McLean remembers the exact moment his mind shifted out of the darkness that inspired Outlaw Ballads.

“I was camping back in May, and I felt like that was the night I made the decision to get out of my [contract],” he says. “I stayed up all night and watched the sun come up and sat by the fire and just made this decision.”

And suddenly, McLean says, he and Miller had an outpouring of inspiration for new music. Their burdens were behind them, the wanderlust was gone.

“And all the songs poured out at once,” he says.

The band emerged from the fog and found Valley of Decision, an album no less obsessed with myth and allegory. But this one, written “during one American summer,” as the band explains in the album’s liner notes, explores new ideas. By summer, the band had added Miller’s brother Jordan to the band, along with drummer Tiffany Stephens.

“[The album] has some more synthetic elements in it,” McLean says. “We explored the abilities of the new members we had.”

Valley of Decision came out less alt-country than Outlaw Ballads but still drives home the point that this band’s lyrical roots are anchored in reflection and rejection. On “I Won’t Keep You,” keyboardist Fawn Dasovich kicks herself, singing “I always knew loving you was bound to come to this/ Don’t they say the good times never last?”

While the Thieves try their hand at Shins-type alt-rock here and there (“Walking on a Wire”), the band never strays too far from it’s straight-from-the-heart sound, like each song is just a raggedy-edged journal page ripped from their collective diary.

And so the Horse Thieves present to the world not just two albums, but a double-record story — of who were they were, what they’ve learned, and where they’ve ended up.

“We definitely have enough material for a third album,” McLean says, “but I think we need to promote these two [first]." - The Pacific Northwest Inlander

"Bands To Watch: Horse Thieves"

In the beginning, the Horse Thieves tried telling other people’s stories. “We went to some dark places with ideas for the sound,” Adam Miller says, “We started with a Cormac McCarthy concept album, possibly.”

“No Country For Old Men slash The Road,” says Marshall McLean.

It’s hard to imagine how their soaring, four-part harmonies (the whole band sings) would have rendered songs about evading marauding bands of cannibals, or how the plaint of McLean’s lap steel would square with a remorseless, cattle gun-wielding killer. Miller and McLean thought so, too. “It was really bad,” Miller says, laughing.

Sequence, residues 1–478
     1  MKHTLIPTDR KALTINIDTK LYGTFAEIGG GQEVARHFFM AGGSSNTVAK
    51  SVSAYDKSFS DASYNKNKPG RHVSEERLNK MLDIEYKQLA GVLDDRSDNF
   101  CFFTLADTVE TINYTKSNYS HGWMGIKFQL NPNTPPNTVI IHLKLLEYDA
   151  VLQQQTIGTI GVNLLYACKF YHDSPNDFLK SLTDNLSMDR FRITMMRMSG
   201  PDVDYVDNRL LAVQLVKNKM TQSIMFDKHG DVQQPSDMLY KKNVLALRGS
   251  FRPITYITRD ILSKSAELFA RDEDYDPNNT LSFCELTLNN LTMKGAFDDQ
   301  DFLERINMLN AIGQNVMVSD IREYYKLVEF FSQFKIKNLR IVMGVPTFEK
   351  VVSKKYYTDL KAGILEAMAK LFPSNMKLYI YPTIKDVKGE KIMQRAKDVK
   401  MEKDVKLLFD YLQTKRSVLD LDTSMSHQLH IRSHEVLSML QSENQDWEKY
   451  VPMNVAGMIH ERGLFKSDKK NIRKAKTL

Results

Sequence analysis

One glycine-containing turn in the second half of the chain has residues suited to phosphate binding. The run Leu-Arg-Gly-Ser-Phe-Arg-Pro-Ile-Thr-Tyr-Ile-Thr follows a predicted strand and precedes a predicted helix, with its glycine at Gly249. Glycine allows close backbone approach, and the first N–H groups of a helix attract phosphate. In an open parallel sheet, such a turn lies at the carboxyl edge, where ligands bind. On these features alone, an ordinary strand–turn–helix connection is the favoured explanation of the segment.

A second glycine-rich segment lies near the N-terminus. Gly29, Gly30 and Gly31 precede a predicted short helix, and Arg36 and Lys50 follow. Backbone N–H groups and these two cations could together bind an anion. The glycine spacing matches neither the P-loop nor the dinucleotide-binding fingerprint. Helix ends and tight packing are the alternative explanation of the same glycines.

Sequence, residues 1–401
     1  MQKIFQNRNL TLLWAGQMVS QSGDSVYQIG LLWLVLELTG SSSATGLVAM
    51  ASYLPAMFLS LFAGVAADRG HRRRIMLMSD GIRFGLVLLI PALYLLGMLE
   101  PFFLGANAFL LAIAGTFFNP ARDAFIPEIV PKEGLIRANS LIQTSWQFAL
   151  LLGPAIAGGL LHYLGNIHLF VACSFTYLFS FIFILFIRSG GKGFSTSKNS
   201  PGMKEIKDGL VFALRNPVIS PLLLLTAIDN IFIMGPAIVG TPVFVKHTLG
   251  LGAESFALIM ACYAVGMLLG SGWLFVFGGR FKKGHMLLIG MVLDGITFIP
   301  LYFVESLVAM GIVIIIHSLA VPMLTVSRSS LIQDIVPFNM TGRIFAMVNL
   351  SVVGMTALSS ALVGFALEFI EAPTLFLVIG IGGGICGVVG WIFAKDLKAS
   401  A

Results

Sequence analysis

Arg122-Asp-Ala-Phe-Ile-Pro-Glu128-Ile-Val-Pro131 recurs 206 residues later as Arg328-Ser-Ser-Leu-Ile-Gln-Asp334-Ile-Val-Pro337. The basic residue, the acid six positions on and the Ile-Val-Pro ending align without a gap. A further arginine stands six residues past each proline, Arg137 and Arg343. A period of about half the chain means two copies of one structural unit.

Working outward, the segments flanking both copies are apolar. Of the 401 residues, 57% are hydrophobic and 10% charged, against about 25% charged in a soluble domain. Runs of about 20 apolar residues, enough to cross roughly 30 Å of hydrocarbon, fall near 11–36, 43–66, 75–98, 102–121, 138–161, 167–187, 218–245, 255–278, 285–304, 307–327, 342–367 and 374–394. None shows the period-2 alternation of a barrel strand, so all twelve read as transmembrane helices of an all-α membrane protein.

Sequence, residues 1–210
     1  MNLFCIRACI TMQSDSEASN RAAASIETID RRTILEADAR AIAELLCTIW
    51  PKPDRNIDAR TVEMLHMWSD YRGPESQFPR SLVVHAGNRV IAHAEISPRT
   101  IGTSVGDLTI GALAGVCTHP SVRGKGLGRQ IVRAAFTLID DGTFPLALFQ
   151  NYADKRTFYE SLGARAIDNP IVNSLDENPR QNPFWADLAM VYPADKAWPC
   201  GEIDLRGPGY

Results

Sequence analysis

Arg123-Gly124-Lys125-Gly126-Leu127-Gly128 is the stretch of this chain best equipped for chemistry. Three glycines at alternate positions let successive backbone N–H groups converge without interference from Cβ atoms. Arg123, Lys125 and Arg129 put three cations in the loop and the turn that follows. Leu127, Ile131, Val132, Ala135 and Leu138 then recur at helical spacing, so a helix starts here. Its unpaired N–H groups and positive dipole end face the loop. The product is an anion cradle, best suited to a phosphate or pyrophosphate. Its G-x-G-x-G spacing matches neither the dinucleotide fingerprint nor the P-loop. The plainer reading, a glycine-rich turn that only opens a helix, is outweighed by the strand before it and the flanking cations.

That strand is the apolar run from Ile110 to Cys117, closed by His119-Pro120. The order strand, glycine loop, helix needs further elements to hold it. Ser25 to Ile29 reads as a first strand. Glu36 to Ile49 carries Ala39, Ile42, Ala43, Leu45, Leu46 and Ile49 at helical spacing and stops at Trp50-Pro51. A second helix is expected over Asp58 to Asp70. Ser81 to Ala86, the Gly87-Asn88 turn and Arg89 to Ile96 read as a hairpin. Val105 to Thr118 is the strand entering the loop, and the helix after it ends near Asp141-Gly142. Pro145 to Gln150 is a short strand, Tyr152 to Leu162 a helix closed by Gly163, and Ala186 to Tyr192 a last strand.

It taught them a lesson, though, about the kinds of music they wanted to make. “One of our convictions [became],” McLean says, “to keep the story of the music real close to the story that’s going on in our lives.”

The album that resulted, (the as-yet unreleased) Outlaw Ballads, is still about lawlessness, if not the kind that arises after the death of civilization.

McLean and Miller, both 25, have had success with other projects. McLean has toured regionally for years. Miller plays bass in Black Apache, a band that has a following in Portugal.

But both were feeling isolated and burned by that life.

Neither goes into any specific detail — they take pains to avoid it — about the hard year that birthed the band, but they talk with more candor about the songs that resulted. “For me it was really about the outlaws in your life,” Miller says, “the people you meet that affect you because of their lawlessness.”

McLean’s songwriting approach opposed Adam’s, in a strange way. “I wrote it from the space of hiding — like I couldn’t share myself with the people around me,” he says, “I had a lonely year and so a lot of my songs came from that angle.”

That shouldn’t suggest that when you hear Horse Thieves, you’ll think you’re listening to Waylon Jennings or David Allen Coe. Their country is more alt, tinged with folk, carried off on harmonies that soar, sometimes approaching the choral wall of Band of Horses.

Horse Thieves Who: Adam Miller, Marshall McLean, Jordan Miller, Fawn Dasovich Sounds Like: Songs of alienation sung in the key of hope (Video by Young Kwak)

“I don’t think we’re bad-ass enough to write full-on outlaw country,” Adam says. “It’s anti-‘live fast’ music,” McLean agrees.

Keyboardist Fawn Dasovich and Adam’s brother Jordan (Black Apache’s frontman) joined the band after much of Outlaw Ballads was recorded. Dasovich didn’t know about the turmoil of the previous year but says she connected with the larger themes in the work.

“Everyone has the feeling of not belonging where you are,” she says. “[The work] really rang true for me and hit me in a way that made me think, ‘Omigosh, this is describing my life.’”

There are people for whom the act of universalizing a story is a blanket against the exposure of outright autobiography. For others, it’s a tent, where listeners are welcomed into a kind of shared experience.

This young band does both of those things. They want to be open while keeping their hearts safe. In doing so, they create myths to reveal themselves while also creating myths to hide within.

Both are forms of controlling the narrative. After what they say they’ve gone through, regaining control was important.

“It feels kind of dorky to do it,” McLean says, “But I think that’s part of it. Myth has power.”